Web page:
Japan to introduce licensees for BVLOS drone flights

Japan to introduce licensees for BVLOS drone flights
The news comes from government sources on Monday who said the government hopes to have the system up and running by 2022. The BVLOS licenses will also be age-restricted and you must pass both practical and written test to get receive the license.

The licenses will only be active for some time with renewal tests required to keep the license. Illegally flying drones with an active license will result in the extermination of the license and a possible fine for the illegal flight.

A panel discussion will be used to come up with the exact logistics of the licenses which will be put into a report this week. The government is hoping to submit the bill next year in plans to release the licensing system in 2022.

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A postman checks a drone for mail delivery during a recent experiment in a Tokyo suburb. | KYODO

Japan to establish licensing system for out-of-sight drone flights

The license, which the government hopes will be introduced in fiscal 2022, will be age-restricted, and will require operators to pass both a written and practical examination.

The licenses will be only valid for a certain period of time and will have to be renewed. Illegal drone use will lead to the cancellation or suspension of a license.

A public-private panel discussing how to facilitate the use of drones will propose the license system in a report to be complied Tuesday, the sources said.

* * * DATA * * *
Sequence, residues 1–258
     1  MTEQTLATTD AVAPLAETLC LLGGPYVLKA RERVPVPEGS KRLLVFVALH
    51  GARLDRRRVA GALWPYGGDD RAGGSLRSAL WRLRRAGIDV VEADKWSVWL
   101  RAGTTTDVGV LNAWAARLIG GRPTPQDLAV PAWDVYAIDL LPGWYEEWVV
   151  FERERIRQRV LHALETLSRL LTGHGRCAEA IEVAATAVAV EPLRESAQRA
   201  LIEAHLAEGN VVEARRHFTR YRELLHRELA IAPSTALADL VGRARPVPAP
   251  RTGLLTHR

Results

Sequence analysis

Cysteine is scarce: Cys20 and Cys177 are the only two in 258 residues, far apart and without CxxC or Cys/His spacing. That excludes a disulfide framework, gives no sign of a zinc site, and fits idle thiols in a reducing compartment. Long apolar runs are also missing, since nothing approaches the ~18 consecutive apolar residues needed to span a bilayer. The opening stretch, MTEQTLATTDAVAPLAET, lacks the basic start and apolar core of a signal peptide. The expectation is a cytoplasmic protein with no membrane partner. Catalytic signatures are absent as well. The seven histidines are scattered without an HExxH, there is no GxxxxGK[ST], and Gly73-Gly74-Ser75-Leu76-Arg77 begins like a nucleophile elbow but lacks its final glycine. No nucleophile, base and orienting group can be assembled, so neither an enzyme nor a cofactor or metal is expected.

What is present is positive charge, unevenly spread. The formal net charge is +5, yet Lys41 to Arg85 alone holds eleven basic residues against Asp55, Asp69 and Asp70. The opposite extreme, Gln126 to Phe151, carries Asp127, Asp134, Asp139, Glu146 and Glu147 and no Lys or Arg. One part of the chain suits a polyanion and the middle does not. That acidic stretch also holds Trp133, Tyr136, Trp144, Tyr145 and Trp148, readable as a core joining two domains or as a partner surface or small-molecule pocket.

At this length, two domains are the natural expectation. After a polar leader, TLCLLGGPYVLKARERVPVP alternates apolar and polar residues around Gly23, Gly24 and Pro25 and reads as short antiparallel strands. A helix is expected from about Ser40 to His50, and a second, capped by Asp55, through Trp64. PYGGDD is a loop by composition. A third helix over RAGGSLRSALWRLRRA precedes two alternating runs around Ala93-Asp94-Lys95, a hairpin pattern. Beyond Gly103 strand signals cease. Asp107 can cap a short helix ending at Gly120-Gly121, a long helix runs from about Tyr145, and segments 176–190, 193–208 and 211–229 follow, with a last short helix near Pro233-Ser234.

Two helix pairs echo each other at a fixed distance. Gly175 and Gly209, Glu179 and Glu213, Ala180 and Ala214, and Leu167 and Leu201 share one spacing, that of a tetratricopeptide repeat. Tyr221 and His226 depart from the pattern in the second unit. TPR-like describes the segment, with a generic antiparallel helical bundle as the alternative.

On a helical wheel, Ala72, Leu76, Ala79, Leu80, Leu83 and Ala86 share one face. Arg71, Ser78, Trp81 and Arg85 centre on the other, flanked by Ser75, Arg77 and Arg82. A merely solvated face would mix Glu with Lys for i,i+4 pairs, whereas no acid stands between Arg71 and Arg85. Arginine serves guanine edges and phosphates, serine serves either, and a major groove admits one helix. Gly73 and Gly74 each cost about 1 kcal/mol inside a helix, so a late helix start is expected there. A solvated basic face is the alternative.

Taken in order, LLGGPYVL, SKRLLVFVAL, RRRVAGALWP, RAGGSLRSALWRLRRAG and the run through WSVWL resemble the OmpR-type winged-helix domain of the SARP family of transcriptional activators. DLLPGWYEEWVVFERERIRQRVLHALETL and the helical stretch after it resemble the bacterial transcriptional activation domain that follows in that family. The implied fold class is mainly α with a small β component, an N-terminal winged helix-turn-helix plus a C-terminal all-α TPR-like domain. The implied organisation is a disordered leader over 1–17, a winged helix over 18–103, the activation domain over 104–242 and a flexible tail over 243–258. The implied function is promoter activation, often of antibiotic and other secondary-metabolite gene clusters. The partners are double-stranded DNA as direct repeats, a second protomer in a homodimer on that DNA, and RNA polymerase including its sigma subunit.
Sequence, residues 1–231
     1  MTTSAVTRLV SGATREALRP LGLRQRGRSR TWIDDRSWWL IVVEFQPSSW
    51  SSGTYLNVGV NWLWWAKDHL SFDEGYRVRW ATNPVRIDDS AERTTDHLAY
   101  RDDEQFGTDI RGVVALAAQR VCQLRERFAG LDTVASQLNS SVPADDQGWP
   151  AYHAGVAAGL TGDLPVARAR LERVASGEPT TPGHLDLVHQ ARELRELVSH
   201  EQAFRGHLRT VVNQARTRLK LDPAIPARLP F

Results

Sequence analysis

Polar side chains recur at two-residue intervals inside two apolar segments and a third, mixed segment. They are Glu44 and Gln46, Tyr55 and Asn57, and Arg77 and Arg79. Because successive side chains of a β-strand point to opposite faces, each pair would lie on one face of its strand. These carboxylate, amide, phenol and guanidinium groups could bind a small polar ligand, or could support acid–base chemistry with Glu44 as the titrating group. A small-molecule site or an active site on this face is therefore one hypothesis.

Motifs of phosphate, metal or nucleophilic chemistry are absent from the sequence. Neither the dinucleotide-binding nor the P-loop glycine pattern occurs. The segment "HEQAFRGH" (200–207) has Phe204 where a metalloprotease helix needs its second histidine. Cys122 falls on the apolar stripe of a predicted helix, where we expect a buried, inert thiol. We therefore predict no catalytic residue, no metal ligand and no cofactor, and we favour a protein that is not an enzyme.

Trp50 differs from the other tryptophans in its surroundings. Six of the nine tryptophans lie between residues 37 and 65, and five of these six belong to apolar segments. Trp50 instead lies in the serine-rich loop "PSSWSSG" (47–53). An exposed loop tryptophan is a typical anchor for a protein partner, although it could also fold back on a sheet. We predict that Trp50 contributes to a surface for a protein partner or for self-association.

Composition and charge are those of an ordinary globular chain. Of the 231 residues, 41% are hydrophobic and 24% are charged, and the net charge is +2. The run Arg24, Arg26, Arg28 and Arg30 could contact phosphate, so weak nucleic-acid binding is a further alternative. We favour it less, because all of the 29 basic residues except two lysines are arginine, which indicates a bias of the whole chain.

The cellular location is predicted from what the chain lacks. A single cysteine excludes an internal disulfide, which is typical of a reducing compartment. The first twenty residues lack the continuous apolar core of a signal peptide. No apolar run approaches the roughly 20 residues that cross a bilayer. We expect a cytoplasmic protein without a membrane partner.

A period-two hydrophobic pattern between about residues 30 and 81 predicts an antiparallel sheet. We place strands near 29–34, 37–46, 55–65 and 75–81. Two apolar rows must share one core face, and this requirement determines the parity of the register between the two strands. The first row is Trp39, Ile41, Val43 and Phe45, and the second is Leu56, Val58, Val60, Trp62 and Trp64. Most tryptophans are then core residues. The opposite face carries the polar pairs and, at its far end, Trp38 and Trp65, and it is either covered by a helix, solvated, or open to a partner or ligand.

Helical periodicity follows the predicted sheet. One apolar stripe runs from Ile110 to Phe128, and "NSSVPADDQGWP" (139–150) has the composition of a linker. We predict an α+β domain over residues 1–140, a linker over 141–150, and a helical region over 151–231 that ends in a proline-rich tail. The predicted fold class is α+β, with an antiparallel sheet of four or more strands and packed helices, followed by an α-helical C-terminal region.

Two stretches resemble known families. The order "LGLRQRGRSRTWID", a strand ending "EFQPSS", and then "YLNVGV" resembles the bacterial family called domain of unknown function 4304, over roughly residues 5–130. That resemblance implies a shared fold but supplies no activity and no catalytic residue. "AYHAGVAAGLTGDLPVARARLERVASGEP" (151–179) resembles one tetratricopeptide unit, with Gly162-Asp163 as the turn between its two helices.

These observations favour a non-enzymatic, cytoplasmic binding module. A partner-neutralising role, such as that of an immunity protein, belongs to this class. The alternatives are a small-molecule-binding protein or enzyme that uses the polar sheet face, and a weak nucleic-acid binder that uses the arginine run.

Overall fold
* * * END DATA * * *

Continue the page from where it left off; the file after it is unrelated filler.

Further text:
The government plans to finalize the details and submit a bill to revise the civil aeronautics law to the Diet next year, they said.

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Leonardo extends its training services capabilities to rotorcraft unmanned aerial systems

Leonardo is extending its training services capabilities to include rotorcraft unmanned aerial systems (UAS) to provide 360° training solutions to its growing customer base for maximised mission effectiveness and safety. The Company has recently obtained an Authorized Training Organization Certificate for UAS released by ENAC (Italian National Civil Aviation Authority). With this certification Leonardo is now able to supply training services for light and very light category remotely piloted systems (up to 25 kg) through its Helicopter Training Academy headquartered in Sesto Calende (Northern Italy). 
This certification heavily adds to the overall quality level and versatility of training services provided by Leonardo, making the Company the world’s first rotorcraft OEM with this capability –  it is expected to be recognised by EASA in 2021. This latest service addition allows Leonardo to respond to the evolving market demands by those helicopter operators who are increasingly using small UAS for their missions, including those carrying out disaster relief and emergency response tasks.

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